Gardeners know that storms can wreak terrible havoc with their plant friends.
If the winds are strong enough, mature trees can be downed, leaving a gaping hole where they once stood.
In a garden, the loss of a large tree upsets the ecosystem of the area. It changes all manner of things, from the shade afforded plants in the understory, to the strength of the wind that buffets them, to the amount of rain reaching the ground. The entire microclimate is affected.
But the subtraction of a tree also presents new opportunities for a gardener.
Suddenly, more sunlight and rain can reach the area. There is space now for new plants or trees to grow that couldn’t before. Where once the gardener was limited to plants suitable only for shade, now he or she can consider roses, vegetables or other sun-loving plants.
So I suppose a storm’s effects aren’t always strictly negative for gardeners.
But what about the storms of life? Is there anything good that can come when some disaster leaves a gaping hole in our lives?
Sometimes nature can be a bit unpredictable—things happen in an order we wouldn’t expect.
Normally, plants put forth leaves long before they produce flowers.
But some trees and shrubs flip the script, so to speak.
With certain plants, the normal sequence is reversed: the flowers come first, before the leaves have developed.
A good example is the beautiful redbud tree. It puts forth gorgeous pink flowers on its bare branches in early spring, when none of its leaves are yet in sight.
The forsythia shrub bears its bright yellow flowers in advance of its leaves, and the lovely magnolia presents its pink or white blooms before the green foliage appears. Some maples and oaks also exhibit this flower-first behaviour, although with less showy blossoms.
All of these plants give us a treat in springtime when we’re starved for colour. We get the flower first without having to wait for the leaves.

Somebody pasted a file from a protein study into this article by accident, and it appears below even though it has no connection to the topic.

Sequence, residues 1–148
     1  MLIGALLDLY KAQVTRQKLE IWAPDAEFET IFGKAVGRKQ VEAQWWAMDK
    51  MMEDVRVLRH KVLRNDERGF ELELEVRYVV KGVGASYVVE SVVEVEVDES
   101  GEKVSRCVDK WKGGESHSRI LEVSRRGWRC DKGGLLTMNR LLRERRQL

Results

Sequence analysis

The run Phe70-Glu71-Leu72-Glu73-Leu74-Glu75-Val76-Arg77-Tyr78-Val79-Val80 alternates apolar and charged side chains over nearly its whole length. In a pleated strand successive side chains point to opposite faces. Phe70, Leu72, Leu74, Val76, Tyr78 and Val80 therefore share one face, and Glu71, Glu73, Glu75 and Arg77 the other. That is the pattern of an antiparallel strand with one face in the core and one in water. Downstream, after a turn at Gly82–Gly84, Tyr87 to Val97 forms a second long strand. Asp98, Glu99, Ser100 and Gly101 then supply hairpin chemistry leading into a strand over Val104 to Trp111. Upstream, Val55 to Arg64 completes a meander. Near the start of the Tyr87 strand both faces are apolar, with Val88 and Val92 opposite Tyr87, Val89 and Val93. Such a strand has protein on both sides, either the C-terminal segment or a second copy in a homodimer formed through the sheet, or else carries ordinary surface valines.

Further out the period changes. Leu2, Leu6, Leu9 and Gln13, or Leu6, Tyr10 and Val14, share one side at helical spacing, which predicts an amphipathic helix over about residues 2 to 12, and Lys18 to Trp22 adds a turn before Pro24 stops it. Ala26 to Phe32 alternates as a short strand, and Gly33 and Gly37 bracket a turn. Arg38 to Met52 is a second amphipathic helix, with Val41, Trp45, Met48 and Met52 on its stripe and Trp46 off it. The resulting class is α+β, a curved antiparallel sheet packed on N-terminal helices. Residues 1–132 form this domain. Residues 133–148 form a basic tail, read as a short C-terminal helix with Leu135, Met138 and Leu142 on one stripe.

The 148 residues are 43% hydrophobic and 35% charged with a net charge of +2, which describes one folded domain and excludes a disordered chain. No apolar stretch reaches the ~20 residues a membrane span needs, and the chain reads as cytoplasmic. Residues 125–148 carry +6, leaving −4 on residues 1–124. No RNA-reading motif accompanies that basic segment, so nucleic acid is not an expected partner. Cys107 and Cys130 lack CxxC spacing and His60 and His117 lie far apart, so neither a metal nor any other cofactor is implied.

Why do some plants reverse the normal order of things?
Some trees are wind-pollinated, so put forth flowers before their bulky leaves get in the way. The same goes for flowers that need extra sunlight. Other plants produce a mass of conspicuous flowers first, unobscured by leaves, to better attract the attention of pollinating insects.
Did you know that God also flipped the script and gave us the flower first, so to speak?
Sometimes there can be magic hidden within the most unlikely of places.
Take tree burls, for instance (or burrs, to our British friends).
These rounded, knotty growths found on tree trunks can seem very ugly.
Burls form when the tree is under some kind of stress, causing bud growth cells to develop in an abnormal way. Such stressors might include bacteria, viruses, fungi, insect infestations, or wounds. A burl is visible evidence of how the tree is dealing with these attacks.
They look rather like tumours, and mar the otherwise regular pattern of the bark.
Surely there’s nothing good about burls?
But there is.
Their unsightly exterior hides magnificence.
Few people know that inside these contorted and gnarled outgrowths is concealed something wonderful. The wood that burls yield is unusual and highly figured, making it valued and sought after by woodworkers and artists.